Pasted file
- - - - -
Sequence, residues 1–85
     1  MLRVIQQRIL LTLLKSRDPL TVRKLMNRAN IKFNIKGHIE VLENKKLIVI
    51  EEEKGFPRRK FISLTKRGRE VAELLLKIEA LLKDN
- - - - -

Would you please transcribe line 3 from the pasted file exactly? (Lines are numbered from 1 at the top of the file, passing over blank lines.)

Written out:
    51  EEEKGFPRRK FISLTKRGRE VAELLLKIEA LLKDN